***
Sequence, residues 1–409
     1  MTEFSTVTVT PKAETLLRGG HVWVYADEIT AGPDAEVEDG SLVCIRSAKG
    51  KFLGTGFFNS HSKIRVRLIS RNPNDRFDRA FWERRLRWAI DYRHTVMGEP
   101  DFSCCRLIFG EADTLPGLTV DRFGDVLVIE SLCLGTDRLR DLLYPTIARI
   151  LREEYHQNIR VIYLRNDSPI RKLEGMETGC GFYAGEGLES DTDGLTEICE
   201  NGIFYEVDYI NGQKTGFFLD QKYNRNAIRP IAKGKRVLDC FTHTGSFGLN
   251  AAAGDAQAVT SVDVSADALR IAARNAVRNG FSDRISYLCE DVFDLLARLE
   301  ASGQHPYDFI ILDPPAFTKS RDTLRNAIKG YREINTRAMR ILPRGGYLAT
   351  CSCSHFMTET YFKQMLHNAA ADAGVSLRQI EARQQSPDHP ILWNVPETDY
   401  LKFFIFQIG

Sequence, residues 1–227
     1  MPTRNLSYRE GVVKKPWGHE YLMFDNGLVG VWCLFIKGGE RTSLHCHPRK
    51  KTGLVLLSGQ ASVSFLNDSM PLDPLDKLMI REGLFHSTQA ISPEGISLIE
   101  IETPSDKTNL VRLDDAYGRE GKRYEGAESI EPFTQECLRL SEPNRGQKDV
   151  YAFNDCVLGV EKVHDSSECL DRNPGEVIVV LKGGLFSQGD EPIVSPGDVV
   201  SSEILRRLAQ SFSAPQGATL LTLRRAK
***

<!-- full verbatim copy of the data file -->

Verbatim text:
Sequence, residues 1–409
     1  MTEFSTVTVT PKAETLLRGG HVWVYADEIT AGPDAEVEDG SLVCIRSAKG
    51  KFLGTGFFNS HSKIRVRLIS RNPNDRFDRA FWERRLRWAI DYRHTVMGEP
   101  DFSCCRLIFG EADTLPGLTV DRFGDVLVIE SLCLGTDRLR DLLYPTIARI
   151  LREEYHQNIR VIYLRNDSPI RKLEGMETGC GFYAGEGLES DTDGLTEICE
   201  NGIFYEVDYI NGQKTGFFLD QKYNRNAIRP IAKGKRVLDC FTHTGSFGLN
   251  AAAGDAQAVT SVDVSADALR IAARNAVRNG FSDRISYLCE DVFDLLARLE
   301  ASGQHPYDFI ILDPPAFTKS RDTLRNAIKG YREINTRAMR ILPRGGYLAT
   351  CSCSHFMTET YFKQMLHNAA ADAGVSLRQI EARQQSPDHP ILWNVPETDY
   401  LKFFIFQIG

Sequence, residues 1–227
     1  MPTRNLSYRE GVVKKPWGHE YLMFDNGLVG VWCLFIKGGE RTSLHCHPRK
    51  KTGLVLLSGQ ASVSFLNDSM PLDPLDKLMI REGLFHSTQA ISPEGISLIE
   101  IETPSDKTNL VRLDDAYGRE GKRYEGAESI EPFTQECLRL SEPNRGQKDV
   151  YAFNDCVLGV EKVHDSSECL DRNPGEVIVV LKGGLFSQGD EPIVSPGDVV
   201  SSEILRRLAQ SFSAPQGATL LTLRRAK